In 1985, endoscopic sinus diagnosis and treatment were introduced into the United States. James Stankiewicz, MD, professor in the department of otolaryngology head and neck surgery at Chicago’s Loyola University Stritch School of Medicine, took one of the first courses offered in the revolutionary technique and began performing the surgeries. “It was not long before I realized that complications could occur with the surgery,” he said. “So, despite my enthusiasm for beginning to perform this surgery, it was quite disturbing that if I make mistake it could result in eye injury, brain injury, or severe hemorrhage.”
Explore this issue:December 2015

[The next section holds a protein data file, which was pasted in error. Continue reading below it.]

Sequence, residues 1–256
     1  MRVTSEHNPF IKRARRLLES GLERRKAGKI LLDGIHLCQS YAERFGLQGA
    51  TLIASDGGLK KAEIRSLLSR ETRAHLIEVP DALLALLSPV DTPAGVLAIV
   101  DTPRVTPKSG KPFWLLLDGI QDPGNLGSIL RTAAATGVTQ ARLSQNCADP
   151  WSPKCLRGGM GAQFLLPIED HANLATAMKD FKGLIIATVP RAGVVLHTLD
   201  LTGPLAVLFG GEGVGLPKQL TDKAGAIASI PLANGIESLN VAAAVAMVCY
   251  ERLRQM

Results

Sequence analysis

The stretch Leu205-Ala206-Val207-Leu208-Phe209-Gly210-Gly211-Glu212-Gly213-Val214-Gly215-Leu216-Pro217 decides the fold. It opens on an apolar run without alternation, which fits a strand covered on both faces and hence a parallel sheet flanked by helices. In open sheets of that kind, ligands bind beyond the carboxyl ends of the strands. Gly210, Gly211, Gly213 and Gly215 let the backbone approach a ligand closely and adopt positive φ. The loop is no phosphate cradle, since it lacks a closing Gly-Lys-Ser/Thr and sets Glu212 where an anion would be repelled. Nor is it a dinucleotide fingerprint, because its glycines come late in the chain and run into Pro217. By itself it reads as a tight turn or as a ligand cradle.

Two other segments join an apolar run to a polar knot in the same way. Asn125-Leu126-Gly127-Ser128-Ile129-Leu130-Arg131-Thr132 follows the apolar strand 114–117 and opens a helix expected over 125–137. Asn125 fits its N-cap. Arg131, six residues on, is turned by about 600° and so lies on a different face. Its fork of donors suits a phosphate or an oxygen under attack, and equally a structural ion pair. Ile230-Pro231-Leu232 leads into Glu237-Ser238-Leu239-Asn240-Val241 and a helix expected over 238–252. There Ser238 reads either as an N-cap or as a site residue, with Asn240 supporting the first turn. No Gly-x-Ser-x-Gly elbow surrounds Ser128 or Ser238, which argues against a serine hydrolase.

After having several patients with such complications, he thought others would view him as a “bad” sinus surgeon if he reported them. “No one likes to air their dirty laundry; it is embarrassing,” Dr. Stankiewicz said.
But then he consulted with some colleagues who enlightened him about the importance of honesty in medicine. “If you come forward, it would benefit a lot of other physicians to know that although the surgery can have outstanding results, complications can happen, and you should become aware of them.”| | | Next → | Single Page